a plain and slightly elevated pear-shaped cap encircled by a jewelled band or diadem; the ears are adorned with pendant ear-rings, and the neck with a jewelled neck-piece. The base is carved to represent an expanded lotus flower and it is precisely similar in design to

that found at the Thuparāma dāgaba.' Three octagonal pillars round it evidently supported a canopy over it.

It is recorded that after building the dāgaba MahāNāga held a great festival at which festoons of lamps were hung round the dagaba. Twenty-four thousand monks are said to have been present at this great celebration (Mah., i, p. 136).

FIG. 91.

The Ambatthala Dāgaba. ato.

King Kaniṭṭha-Tissa constructed an 'edifice' over this dāgaba; possibly this was repaired by Mēghavaṇṇābhaya I (254-267 A.D.). We may assume that the structure was rifled during the Tamil domination in the eleventh and thirteenth centuries, and that it was repaired, like the other principal dagabas, by the two Parakrama-Bahus. It is now completely restored, and the early work is covered by a coat of plaster, like that at the Thūpārāma dāgaba. It is said to be built of stone. Its shape is intermediate between the Bell and the Heap-of-Paddy.

According to Mr. Smither its present dimensions are as follows:-The diameter of the dome at the top of the basal platform, or plinth, on which it rests is 23 feet, the plinth being 6 feet wider at its base. The height to the crown of the dome is stated by him to be 20 feet, but it measures only 18 feet on a photograph by Messrs. Skeen and Co., of Colombo, from which Fig. No. 91 is reduced. The height of the square tee is 3 feet in the photograph, and its side, exclusive of mouldings, 61 feet long. The spire rises about 9 feet higher, of which its cylindrical base occupies 3 feet 9 inches. The dagaba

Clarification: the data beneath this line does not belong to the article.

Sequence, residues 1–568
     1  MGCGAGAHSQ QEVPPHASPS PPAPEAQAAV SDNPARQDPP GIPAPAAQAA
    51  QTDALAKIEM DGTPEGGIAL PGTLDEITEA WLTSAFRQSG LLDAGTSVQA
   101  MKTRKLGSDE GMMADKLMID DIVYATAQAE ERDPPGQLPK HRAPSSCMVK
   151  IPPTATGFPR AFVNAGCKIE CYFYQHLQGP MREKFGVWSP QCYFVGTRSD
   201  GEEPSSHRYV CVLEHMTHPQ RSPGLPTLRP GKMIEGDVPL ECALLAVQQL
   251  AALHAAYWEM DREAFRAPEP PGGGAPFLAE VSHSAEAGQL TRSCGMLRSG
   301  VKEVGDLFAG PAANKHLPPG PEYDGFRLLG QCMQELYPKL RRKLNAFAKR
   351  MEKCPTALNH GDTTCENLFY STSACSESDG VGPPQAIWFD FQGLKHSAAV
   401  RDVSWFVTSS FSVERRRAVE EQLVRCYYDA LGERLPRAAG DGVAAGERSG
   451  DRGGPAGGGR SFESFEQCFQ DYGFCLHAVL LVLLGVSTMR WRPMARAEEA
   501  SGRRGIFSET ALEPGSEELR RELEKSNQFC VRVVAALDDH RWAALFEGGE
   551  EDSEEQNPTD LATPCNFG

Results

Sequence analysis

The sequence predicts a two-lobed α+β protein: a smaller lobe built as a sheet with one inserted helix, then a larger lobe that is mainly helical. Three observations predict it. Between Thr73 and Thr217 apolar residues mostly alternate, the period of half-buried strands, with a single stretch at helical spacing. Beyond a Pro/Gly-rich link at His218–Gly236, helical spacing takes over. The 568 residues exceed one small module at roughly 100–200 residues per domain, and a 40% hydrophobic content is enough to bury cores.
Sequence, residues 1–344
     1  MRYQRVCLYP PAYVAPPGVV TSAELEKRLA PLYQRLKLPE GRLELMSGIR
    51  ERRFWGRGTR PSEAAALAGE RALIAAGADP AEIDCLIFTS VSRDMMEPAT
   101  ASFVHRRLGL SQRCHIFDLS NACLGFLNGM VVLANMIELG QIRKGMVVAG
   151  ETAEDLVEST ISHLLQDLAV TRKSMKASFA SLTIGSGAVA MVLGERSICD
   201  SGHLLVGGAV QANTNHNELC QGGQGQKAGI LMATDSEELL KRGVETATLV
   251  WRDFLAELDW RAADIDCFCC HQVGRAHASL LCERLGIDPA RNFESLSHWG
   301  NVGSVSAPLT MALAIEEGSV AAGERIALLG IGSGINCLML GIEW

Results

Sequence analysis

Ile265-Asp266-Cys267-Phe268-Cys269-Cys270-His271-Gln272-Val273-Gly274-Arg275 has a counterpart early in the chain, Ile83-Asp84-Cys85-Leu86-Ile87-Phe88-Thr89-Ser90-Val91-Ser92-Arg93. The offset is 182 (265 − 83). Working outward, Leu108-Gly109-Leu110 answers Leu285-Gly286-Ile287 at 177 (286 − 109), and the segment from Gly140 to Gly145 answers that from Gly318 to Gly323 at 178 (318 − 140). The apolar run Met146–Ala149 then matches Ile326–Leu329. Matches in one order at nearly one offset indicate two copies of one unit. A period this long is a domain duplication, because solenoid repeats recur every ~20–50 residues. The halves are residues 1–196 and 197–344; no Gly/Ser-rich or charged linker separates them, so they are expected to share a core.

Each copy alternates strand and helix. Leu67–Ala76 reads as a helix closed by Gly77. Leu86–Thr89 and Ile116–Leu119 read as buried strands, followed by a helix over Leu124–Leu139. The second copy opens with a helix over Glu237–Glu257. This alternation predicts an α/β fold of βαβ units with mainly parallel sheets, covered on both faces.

rests on a platform 97 feet in diameter, which is raised four feet above the ground level, and is supported by a brick wall. There are no wāhalkaḍas; these ornamental structures were confined to the five Anuradhapura dāgabas already described.

This dagaba is surrounded by two circles of slender monolithic octagonal pillars, 12 feet high, the capitals of which are decorated with a procession of lions or hansas marching to the left (which would be their own right when facing front), or a row of dwarfs facing front. They have no tenons on the top; and whether the roof afterwards raised over the building rested on them or not, they appear to have been erected chiefly in order to carry the festoons of lamps that were hung from them at festivals. In shape they bear a close resemblance to those of the Thūpārāma dāgaba.


On the summit of the highest rocky point on the Mihintale hill a small structure, called the Aet (Tusk-elephants) dagaba was built by an early ruler whose deed is not specially recorded in the histories. There are, however, some references to the dagaba in inscriptions.